New Heat Maps Help Cities Prepare for Longer, More Intense Heat Waves

By combining satellite and ground-based measurements, scientists have created new maps that identify which neighborhoods experience the most extreme heat on the hottest days of summer.

In the summers of 2017 and 2018, citizen scientists in Richmond, VA, the District of Columbia, and Baltimore, MD, gathered temperature data all over their cities on days when temperatures reached at least 95°F. The results, as outlined in a NOAA article from 2018, show that air temperatures in some areas of the city can be up to 17°F hotter than other areas during the same time of day.  

These hotter areas are known as “urban heat islands,” referring to the fact that cities’ unshaded roads and buildings absorb more heat during the day and radiate it back into the surrounding air as heat, significantly increasing the local air temperature relative to other, more vegetated or shaded areas. On days when local temperatures climb above 95°F, the additional heat emitted by paved and concrete structures can produce dangerously hot temperatures in some neighborhoods.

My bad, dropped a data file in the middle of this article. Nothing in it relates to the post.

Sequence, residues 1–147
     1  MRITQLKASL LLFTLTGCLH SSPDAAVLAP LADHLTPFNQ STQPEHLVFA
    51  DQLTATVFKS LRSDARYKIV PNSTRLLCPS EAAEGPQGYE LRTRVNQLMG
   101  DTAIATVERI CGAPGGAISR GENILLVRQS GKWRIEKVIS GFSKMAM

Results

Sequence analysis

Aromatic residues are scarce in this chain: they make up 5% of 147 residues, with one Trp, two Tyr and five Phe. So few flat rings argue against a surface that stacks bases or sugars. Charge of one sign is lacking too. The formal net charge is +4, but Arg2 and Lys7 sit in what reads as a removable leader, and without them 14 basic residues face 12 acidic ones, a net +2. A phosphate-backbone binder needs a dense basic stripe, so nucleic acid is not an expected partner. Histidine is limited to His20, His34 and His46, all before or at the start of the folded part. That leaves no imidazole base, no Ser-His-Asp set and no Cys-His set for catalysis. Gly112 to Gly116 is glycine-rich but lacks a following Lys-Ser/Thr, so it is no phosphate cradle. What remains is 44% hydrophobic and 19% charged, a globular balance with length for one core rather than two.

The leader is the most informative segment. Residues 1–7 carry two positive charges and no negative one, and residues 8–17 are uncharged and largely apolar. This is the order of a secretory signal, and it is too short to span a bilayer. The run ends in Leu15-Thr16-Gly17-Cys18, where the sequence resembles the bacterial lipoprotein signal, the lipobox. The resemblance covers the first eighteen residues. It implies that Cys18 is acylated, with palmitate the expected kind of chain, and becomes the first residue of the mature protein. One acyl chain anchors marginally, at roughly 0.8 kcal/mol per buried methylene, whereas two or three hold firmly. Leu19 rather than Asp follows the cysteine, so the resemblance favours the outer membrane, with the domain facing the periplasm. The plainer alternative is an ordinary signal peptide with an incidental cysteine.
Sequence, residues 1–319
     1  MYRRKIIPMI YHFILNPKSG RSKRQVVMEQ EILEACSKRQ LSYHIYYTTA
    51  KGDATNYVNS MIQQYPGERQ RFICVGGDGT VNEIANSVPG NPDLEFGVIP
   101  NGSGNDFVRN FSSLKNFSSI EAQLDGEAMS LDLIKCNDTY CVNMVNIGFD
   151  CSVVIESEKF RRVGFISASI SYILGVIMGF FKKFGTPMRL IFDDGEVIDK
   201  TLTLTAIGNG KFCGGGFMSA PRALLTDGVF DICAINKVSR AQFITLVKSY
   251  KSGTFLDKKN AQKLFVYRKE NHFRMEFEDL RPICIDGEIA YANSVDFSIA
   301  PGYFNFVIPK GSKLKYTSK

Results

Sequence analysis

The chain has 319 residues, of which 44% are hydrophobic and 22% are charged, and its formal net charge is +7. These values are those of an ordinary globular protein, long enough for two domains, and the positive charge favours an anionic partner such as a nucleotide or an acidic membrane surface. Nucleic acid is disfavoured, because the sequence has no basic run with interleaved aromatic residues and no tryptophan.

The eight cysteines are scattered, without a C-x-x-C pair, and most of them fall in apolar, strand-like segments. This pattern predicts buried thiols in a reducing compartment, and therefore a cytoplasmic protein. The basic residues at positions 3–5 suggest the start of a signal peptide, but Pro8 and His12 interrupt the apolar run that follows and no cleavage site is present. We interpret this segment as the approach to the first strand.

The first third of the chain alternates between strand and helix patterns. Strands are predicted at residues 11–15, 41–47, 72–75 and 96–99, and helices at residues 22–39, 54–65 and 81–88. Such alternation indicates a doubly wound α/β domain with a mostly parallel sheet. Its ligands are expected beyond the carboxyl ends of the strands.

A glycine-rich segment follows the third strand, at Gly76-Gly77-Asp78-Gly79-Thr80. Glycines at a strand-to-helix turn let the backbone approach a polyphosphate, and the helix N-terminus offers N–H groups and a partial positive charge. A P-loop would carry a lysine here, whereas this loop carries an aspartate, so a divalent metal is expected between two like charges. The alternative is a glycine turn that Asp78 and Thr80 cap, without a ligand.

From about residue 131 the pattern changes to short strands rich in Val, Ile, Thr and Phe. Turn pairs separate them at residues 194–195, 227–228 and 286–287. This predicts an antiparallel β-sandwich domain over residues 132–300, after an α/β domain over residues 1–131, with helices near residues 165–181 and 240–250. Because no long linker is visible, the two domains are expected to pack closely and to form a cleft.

This work was funded in part by NOAA’s Climate Program Office and NOAA’s Office of Education. The results from the three campaigns are outlined in a new paper in the journal Climate, titled Integrating Satellite and Ground Measurements for Predicting Locations of Extreme Urban Heat. Vivek Shandas, an Urban Studies Professor at Portland State University, is the paper’s lead author.